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Voltaire's view on human nature

  1. Dec 10, 2004 #1
    i didnt know where this should go so i just put it in general. im doing a culminating project on Voltaire in my philosophy class. one problem i encountered was that i dont know very much about Voltaire though he does seem interesting i know he was a poet, author etc but i dont know exactly what his view on human nature was. was he a materialist? dualist? (i know he was not an idealist. rationalist? existentialist? functionalist?etc... i've tried to look it up on the internet but every site i find doesnt give me a straight answer...

    thanks guys i appreciate it :blushing: :redface:
    Last edited: Dec 10, 2004
  2. jcsd
  3. Dec 10, 2004 #2
    He was a mysteriolist.
  4. Dec 10, 2004 #3
    one of his famous quotes goes something like this... "I don't agree with a word you said, but I will defend to the death your right to say it." i think he believed in enlightened depotism along with all of the other french philopies at his time. that is about all i know. gl w/the project
  5. Dec 10, 2004 #4
    Apparently, Voltaire never said that:
    http://ask.yahoo.com/ask/20030331.html [Broken]

    • the fact of the matter is, Voltaire didn't pen or utter the sentiment you quote. According to a number of web sites, "The phrase was invented by a later author as an epitome of his attitude." It comes from The Friends of Voltaire, written by Evelyn Beatrice Hall and published in 1906 under the pseudonym Stephen G. Tallentyre. Hall said that she paraphrased Voltaire's words in his "Treatise on Toleration," which includes such thoughts as:

      • Not only is it extremely cruel to persecute in this brief life those who do not think the way we do, but I do not know if it might be too presumptuous to declare their eternal damnation.
    Last edited by a moderator: May 1, 2017
  6. Dec 11, 2004 #5
    thank you for correcting me, i had the right idea though if it was paraphrased from him. so i was kinda right lol. i forgot to say that he did get sent to jail twice
  7. Dec 11, 2004 #6
    im reading this website that says he was a deist-the belief based solely on reason, a God who created the universe and then abandoned it, assuming no control over life, exerting no influence on natural phenomena, and giving no supernatural revelation

    and thanks for all your help guys... i have a really awesome thesis now!

    Voltaire aided greatly to the French Revolution which brought about a final downfall of quarreling aristocracy and religious intolerance in Europe.

    and for my three proofs they are: He accomplished this through his work Candide, his constant criticism of the Bible and Catholicism,....well those are two and im not sure what the third one will be but it has to relate on his views of human nature, epistimology, metaphysics or ethics...so i dont know yet....still trying to think of that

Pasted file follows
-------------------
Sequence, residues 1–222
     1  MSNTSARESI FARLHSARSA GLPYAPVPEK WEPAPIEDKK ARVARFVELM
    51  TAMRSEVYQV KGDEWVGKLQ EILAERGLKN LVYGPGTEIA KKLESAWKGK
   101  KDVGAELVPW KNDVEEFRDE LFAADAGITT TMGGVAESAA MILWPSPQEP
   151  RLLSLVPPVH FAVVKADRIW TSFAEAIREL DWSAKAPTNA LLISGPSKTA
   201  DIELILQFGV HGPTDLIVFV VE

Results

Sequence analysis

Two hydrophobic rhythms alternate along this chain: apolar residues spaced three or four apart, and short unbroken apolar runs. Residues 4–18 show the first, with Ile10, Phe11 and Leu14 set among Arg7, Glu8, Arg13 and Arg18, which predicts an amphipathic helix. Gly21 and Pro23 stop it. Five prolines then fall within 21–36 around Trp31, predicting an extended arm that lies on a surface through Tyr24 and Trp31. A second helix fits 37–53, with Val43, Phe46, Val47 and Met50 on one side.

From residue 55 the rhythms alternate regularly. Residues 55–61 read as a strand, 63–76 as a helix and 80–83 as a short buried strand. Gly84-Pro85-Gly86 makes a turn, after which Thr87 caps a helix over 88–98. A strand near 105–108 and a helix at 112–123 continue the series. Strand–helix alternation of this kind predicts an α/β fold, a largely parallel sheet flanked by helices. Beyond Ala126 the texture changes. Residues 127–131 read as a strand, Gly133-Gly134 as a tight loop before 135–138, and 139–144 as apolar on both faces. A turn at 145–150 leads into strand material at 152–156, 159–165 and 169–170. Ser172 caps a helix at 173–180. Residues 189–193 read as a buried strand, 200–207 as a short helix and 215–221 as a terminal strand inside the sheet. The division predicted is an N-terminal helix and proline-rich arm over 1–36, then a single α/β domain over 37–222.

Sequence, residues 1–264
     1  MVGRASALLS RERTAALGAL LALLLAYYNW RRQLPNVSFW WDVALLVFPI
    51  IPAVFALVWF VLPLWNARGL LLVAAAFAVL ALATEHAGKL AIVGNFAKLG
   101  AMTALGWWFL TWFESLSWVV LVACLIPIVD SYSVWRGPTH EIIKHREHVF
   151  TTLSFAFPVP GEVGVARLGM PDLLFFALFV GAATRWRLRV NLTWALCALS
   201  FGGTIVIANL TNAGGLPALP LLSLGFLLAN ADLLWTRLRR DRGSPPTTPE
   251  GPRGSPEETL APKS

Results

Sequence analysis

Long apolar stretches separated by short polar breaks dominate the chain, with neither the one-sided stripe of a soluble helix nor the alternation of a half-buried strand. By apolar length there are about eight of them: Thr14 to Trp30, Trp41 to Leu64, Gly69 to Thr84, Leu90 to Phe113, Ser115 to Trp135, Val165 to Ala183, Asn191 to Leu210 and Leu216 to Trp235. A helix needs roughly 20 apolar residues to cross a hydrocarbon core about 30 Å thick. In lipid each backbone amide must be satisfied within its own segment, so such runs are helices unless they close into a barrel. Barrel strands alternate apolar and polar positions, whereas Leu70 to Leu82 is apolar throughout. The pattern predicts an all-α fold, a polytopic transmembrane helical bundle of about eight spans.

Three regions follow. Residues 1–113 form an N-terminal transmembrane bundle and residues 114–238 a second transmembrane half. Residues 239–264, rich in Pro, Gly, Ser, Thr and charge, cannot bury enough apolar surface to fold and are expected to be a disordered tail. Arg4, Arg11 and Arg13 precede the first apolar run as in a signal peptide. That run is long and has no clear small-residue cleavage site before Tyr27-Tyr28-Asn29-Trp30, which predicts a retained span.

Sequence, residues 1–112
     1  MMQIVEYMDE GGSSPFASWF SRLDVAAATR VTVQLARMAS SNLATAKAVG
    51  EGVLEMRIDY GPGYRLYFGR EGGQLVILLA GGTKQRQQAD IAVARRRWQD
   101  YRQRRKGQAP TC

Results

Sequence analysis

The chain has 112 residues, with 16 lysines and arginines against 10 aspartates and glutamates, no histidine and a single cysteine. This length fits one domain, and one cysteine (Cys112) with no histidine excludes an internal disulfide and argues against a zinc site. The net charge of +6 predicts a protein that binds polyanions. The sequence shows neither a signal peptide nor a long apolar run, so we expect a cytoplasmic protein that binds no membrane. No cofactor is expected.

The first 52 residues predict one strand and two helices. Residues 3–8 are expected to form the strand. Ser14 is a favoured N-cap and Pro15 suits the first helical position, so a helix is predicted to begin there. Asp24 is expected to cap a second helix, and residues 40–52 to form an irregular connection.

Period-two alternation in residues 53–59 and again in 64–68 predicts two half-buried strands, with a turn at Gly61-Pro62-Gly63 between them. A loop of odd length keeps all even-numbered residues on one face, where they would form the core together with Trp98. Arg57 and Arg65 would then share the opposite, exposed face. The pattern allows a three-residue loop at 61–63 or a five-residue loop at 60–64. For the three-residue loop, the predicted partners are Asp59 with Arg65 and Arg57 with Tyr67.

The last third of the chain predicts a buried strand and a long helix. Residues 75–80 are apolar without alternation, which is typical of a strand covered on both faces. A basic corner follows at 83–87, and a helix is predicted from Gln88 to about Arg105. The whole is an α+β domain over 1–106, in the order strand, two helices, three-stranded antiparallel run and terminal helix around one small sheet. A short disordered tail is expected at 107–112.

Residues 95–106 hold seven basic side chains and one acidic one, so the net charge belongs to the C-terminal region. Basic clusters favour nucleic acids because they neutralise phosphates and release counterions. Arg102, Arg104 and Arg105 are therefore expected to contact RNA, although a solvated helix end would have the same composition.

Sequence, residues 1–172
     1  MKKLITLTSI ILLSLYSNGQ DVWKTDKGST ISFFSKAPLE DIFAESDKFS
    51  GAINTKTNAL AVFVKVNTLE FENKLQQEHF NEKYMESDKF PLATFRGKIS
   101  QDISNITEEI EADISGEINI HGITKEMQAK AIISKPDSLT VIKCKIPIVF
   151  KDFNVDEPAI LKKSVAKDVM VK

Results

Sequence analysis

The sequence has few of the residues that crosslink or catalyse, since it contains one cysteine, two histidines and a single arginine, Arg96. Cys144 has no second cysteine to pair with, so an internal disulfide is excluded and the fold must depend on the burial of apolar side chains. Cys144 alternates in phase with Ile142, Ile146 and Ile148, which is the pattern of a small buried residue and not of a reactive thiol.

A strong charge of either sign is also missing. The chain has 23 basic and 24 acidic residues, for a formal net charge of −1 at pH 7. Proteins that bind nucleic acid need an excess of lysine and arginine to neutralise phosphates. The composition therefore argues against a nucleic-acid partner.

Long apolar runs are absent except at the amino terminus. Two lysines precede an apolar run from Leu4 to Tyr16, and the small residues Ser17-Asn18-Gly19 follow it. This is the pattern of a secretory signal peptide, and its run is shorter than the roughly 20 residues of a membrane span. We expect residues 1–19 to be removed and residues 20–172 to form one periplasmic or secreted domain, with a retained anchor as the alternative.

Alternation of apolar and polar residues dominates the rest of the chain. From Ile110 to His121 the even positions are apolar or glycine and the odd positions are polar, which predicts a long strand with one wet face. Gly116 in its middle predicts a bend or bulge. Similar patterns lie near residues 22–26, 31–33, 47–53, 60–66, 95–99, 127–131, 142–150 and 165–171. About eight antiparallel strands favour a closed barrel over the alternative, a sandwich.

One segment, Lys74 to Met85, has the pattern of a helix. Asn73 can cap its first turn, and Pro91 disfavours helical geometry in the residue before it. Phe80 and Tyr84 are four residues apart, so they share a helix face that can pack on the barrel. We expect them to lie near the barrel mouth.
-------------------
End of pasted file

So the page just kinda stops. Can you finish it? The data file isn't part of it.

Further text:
Last edited: Dec 11, 2004
  8. Dec 11, 2004 #7


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    some quotes i found off of Wikipedia:

    "Common sense is not so common."

    "History is fables agreed upon."

    "God is a comedian playing to an audience too afraid to laugh."

    "Those who can make you believe absurdities, can make you commit atrocities"

  9. Dec 11, 2004 #8
    what branch of philosophy would you most relate Voltaire to?

    metaphysics? ethics? epistomology? human nature?

    (keeping in mind my thesis...which you can read above...)

    the problem, again is finding actual information on these topics because all that everything i try to find is about Candide or his other writings
  10. Dec 11, 2004 #9
    His understanding coincides with some of my own with the exception that although the choices are not made by dual concious entity they are indeed born from the whole and therefore a manifestation of the whole. The fact that he would defend ones right to speak though is born in an absence of realization. For is it not the free choice of those to keep one from speaking their free choice to make that action? LoL Easy to point the finger. My own personal one is the saving of the environment for the future incarnation of all fools. When in the absolute there is nothing to save only when we step out of it and back into the box do we say and do these things.
  11. Dec 12, 2004 #10


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    My all-time favorite quote is Voltaire's "A witty saying proves nothing."

    You can find translations of his works and detailed bios about him online. It sounds like you are looking for a summary of his philosophy, so here are some links. (I'm not sure how authoratative they are.)
    One of them says he was a humanist, another says he was not a materialist, etc. That sounds like what you are looking for.
    Last edited by a moderator: Apr 21, 2017
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